AggregatingUC

Revision as of 19:03, 22 March 2011 by Jglick (Talk | contribs)

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Problems with Current State

Publishing modules to the update center currently suffers from a number of problems. Some of these problems do not exist for modules in main (or contrib) in a defined cluster configuration (cluster.properties), but that just increases the pressure to bloat these repositories with modules which would not otherwise need to be versioned in concert with the "standard" IDE distribution. (For example, after ExtractingStandaloneCluster it is suddenly much harder to offer the resulting module suite to users.)

Multiple update site URLs

You can manually upload plugins to certain official UCs, or to the Plugin Portal. But this is very cumbersome when you are actively developing a large group of modules. Using CI is clearly desirable here.

The most obvious problem with publishing update sites from Hudson jobs is that the user then needs to add your update center. So now besides http://deadlock.netbeans.org/hudson/job/nbms-and-javadoc/lastStableBuild/artifact/nbbuild/nbms/updates.xml the user needs to know about http://deadlock.netbeans.org/hudson/job/nbandroid/lastStableBuild/artifact/build/updates/updates.xml and http://deadlock.netbeans.org/hudson/job/sqe/lastStableBuild/artifact/build/full-sqe-updatecenter/updates.xml and so on. And if these jobs are moved to a different builder, users have to adjust their Plugin Manager settings. This is not acceptable; as a user you expect to have your IDE come preconfigured with a small list of URLs to well-known UCs (e.g. Stable, Contributed, Non-Free) which you can enable or disable according to your tastes.

Ill-defined "versions" of modules released from CI

Radim Kubacki in the context of NB-Android had mentioned being irritated that $job/lastStableBuild/artifact/build/updates/updates.xml does not work quite like you would expect: if you change a module between builds 1 and 2 but do not increment the OpenIDE-Module-Specification-Version, someone who connected to the UC after build 1 had completed would not receive the changes in build 2, but someone who connected for the first time after build 2 would get those changes... so you have two different modules in the field both with the same spec version, which is potentially confusing. You would either (a) want the UC to only offer the copy of the module from build 1 unless and until a new version was explicitly pushed, or you would (b) want the spec version in the AU descriptor to be incremented when a new build is made in which that module was changed.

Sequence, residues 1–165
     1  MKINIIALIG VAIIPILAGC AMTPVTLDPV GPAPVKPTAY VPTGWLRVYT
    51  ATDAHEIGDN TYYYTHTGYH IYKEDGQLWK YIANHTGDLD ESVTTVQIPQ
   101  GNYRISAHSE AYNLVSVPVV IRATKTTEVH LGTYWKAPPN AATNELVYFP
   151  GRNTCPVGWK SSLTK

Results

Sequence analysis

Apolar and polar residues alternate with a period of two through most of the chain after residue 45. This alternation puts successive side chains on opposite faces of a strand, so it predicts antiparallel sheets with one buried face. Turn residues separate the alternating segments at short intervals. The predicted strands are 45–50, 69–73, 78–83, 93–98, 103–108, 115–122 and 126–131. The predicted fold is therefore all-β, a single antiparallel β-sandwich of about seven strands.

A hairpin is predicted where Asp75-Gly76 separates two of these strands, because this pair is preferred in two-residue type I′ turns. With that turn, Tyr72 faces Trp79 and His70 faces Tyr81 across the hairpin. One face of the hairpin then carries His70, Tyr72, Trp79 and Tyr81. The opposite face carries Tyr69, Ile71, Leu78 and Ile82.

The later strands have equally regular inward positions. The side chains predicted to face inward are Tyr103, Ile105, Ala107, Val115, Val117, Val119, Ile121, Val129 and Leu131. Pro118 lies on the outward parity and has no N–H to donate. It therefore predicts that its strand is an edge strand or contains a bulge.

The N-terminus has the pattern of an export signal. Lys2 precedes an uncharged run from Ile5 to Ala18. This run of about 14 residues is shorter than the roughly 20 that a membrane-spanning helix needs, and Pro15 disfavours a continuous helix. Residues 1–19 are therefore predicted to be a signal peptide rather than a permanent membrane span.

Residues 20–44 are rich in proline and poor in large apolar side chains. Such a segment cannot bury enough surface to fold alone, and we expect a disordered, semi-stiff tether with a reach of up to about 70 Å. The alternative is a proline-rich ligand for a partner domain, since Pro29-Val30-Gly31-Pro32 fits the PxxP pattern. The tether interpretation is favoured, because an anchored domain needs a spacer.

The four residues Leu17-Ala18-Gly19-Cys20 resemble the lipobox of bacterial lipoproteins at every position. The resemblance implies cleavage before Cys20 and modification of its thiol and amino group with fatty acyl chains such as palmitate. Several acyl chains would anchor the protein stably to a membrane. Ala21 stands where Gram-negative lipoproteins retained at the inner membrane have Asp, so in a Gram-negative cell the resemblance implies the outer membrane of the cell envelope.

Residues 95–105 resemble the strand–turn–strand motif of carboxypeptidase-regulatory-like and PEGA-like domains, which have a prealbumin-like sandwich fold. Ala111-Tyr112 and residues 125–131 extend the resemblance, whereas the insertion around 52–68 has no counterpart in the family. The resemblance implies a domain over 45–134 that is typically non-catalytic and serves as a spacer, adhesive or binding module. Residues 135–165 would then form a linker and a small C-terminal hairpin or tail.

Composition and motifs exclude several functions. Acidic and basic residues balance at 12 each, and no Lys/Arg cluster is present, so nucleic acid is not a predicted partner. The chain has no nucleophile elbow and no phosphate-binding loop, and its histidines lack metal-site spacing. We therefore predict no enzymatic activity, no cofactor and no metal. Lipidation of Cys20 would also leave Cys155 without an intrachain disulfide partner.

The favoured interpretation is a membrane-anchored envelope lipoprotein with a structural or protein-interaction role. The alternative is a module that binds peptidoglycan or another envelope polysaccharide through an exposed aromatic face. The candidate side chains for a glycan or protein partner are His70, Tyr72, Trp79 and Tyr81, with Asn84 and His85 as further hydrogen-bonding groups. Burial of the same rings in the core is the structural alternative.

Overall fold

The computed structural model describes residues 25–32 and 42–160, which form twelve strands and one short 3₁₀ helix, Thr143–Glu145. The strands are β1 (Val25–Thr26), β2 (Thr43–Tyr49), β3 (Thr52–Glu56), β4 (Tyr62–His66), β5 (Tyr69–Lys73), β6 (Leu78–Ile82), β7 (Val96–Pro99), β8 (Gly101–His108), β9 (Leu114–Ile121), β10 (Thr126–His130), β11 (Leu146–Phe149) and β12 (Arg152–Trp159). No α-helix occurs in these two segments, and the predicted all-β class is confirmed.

In https://bitbucket.org/jglick/nb-hudson-uc-plugin I started to play with a Hudson plugin which would implement policy (a), so that rather than listing build/updates/ in the includes for the artifact publisher, you would tell this special plugin to publish an UC $job/nbuc/updates.xml which would get "updates" from builds just like the regular AU client would, so end users would only ever see a single copy of a given module in a given spec version. Policy (b) could also be offered as an option, though it could be tricky to identify "real" changes in a module - the plugin might (b1) compare binary NBMs if it knew how to exclude irrelevant details such as OpenIDE-Module-Build-Number, assuming the build does not insert extraneous timestamps elsewhere; or (b2) it could try to figure out from the build's changelog which NB modules were affected, though that might not be very reliable.

Although this issue could be addressed using a Hudson plugin, or by publishing modules to a Maven repository set to releases-only mode without using CI, an UC aggregator (see below) would also handle either (a) or (b1) with less burden on the module developers.

Lack of validation

While nb.org modules in cluster.config=experimental are checked for a variety of generic problems, no such check is made for modules published to other update centers. For example, user logs often show the JasperSoft iReports module throwing dozens of exceptions about nonexistent layer file entries. While it might be possible to run some of these tests as part of the various module build harnesses, others really only make sense in the context of other modules. Specific checks that would be useful to run against binaries on an UC include:

ValidateModulesTest

testInvisibleModules checks that non-autoload, non-eager modules with no incoming dependencies are visible in Plugin Manager. Otherwise they would be "orphaned" on the UC - you could publish them but PM would never offer them to a user.

testPluginDisplay checks that plugins have a display category, since it is common for this to be forgotten. Of course other checks along these lines could be added.

testAutomaticDependenciesUnused verifies that config/ModuleAutoDeps/*.xml upgrade rules are not being activated. (Whether this is appropriate for an UC depends on how it is configured. If there is a well-defined baseline NB version - say, 6.7 - and all modules on this UC are expected to have been built with 6.7 as a target, then it would be bad for a module to be triggering a upgrade rule. If however NB 7.0 is supported as a target for dependencies, but it is permitted to upload modules built for 6.7+, then it is no error for upgrade rules added in 6.8, 6.9, or 7.0 to be activated - such as the split of org.openide.util.lookup from org.openide.util in 6.9.)